« Reply #9 on: January 03, 2004, 12:06:59 AM »
I think the crux of the matter at hand, and what you both are trying to say is that NPCs, competent or not, are the Sidekicks.  They don't get top billing.  At the very most they get equal billing, and only if they are a major, MAJOR character.  But that's not to say that a competent NPC is a bad thing.  Just so long as they are not -consistently- outdoing the PCs.  Here's a movie example:  Yoda in Star Wars.  That lil' green dude kicks all and major butt.  In the one fight he gets in to.  Yoda, although powerful as all get out, mainly gives advice.  
I think what MoonHunter said wasn't that nothing should ever outshine the PCs.  I think what he meant was that they have to work hard for their glory, and that they have to think that they'll be allowed to actually get it.  What's the point after all, of getting a powerful wizard close enough to smite the demon, if other characters only acknowledge the wizard that did the smiting?  As long as the PCs feel like their contribution was not only important, but vital, all is right with the world, or it should be, if you have mature players.  A deus ex machina is cheating, and it sends the players the message that you don't think they can handle what they're up against.  A spotlight hog is annoyiong, no matter if it's a player or the GM.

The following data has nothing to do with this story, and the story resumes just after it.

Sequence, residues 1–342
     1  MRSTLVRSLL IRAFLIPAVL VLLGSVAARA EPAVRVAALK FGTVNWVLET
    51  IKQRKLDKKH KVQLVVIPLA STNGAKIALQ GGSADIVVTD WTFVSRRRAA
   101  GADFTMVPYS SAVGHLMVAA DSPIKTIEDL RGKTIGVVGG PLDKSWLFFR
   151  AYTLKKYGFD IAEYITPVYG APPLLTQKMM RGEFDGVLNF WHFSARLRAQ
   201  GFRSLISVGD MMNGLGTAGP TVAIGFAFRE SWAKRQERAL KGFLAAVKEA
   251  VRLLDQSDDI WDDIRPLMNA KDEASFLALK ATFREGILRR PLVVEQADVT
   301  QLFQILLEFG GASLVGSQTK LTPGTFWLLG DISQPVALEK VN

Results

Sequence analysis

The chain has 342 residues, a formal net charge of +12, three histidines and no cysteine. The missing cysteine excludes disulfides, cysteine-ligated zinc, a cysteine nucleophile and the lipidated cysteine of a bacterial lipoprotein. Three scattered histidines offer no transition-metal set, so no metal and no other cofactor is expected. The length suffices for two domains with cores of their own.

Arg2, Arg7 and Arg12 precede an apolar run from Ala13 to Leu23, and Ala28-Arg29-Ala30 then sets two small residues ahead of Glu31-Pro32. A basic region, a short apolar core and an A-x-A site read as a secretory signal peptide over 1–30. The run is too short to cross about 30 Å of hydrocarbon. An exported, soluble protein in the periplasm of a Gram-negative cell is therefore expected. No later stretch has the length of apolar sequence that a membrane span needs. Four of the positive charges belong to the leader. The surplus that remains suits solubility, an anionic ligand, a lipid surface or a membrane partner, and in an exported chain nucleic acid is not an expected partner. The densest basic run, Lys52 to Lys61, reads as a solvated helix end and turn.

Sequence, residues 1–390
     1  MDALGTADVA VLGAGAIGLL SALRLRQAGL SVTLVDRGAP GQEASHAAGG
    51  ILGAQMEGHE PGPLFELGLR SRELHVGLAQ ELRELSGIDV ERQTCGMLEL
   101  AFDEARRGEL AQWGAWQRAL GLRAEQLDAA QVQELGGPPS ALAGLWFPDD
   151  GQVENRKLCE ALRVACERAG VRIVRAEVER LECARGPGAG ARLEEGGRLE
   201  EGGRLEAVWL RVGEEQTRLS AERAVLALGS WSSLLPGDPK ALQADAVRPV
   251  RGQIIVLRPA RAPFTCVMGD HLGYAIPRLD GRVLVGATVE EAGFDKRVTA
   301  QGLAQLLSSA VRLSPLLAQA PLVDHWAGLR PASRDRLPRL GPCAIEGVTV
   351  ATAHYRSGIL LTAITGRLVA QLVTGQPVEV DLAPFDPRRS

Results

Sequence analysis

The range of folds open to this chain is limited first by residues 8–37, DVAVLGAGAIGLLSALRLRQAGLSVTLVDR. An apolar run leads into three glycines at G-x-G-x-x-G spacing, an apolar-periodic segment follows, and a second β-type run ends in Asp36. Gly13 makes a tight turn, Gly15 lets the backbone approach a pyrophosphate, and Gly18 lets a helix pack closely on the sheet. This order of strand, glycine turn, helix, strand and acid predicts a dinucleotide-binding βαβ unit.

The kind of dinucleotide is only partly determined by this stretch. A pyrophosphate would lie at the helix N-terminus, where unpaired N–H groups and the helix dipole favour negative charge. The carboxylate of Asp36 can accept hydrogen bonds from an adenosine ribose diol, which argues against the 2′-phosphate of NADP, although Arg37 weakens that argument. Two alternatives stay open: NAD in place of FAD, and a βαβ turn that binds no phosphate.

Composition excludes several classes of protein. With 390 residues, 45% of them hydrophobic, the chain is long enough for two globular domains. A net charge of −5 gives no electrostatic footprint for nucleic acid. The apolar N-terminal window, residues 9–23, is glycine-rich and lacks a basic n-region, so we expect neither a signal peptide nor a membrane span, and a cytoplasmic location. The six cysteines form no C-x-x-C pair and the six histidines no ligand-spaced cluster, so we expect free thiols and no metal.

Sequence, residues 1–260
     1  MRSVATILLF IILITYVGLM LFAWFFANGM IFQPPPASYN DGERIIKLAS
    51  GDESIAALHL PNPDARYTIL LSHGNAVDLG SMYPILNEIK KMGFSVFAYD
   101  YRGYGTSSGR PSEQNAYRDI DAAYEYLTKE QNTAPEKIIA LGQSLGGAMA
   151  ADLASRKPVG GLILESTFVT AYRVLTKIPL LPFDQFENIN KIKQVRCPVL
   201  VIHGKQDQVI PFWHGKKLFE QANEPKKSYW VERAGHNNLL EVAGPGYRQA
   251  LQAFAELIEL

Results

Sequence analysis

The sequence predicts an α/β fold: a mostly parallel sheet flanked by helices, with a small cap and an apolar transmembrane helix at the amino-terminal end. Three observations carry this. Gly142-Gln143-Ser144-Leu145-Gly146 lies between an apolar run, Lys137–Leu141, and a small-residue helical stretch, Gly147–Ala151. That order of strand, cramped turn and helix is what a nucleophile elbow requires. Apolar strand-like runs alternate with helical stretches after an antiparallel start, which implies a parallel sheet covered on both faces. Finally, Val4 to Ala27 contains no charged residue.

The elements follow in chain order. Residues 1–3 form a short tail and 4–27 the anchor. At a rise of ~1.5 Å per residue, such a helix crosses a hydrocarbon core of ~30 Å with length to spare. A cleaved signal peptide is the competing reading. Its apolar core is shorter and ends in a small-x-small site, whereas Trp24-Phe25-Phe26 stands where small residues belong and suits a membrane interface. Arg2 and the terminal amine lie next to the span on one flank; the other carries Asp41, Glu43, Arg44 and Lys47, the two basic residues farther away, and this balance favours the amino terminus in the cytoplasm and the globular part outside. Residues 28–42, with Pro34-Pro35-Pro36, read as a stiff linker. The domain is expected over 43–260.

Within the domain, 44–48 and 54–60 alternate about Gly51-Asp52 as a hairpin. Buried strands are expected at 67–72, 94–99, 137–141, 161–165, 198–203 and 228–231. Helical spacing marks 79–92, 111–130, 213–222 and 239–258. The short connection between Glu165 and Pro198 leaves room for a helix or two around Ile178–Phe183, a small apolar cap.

Here's an example of kind of what I mean, off the top of my head.  

You have an evil baddie.  The objective is to kill this baddie, preferably before he does More Bad Stuff.  The PCs go in and after a heroic and difficult battle, emerge victorious.  They go home happy.
Change the plot.  Now this baddie is d**n nigh invulnerable, and the only entity readily accessible capable of killing him has unfortunatly been spellbound into the service of said baddie.  Overall objective is still the same, but now the means are different.  The PCs can't go at him head-on; that's suicide.  So now the challange is to release the entity from the binding.  The PCs are very clever, and after many trials and tribulations, do so, and the entity lays the smite down on the baddie.  Now, the PCs did not do the actual killing.  But without their intervention, it would not have happened.  And that makes a difference.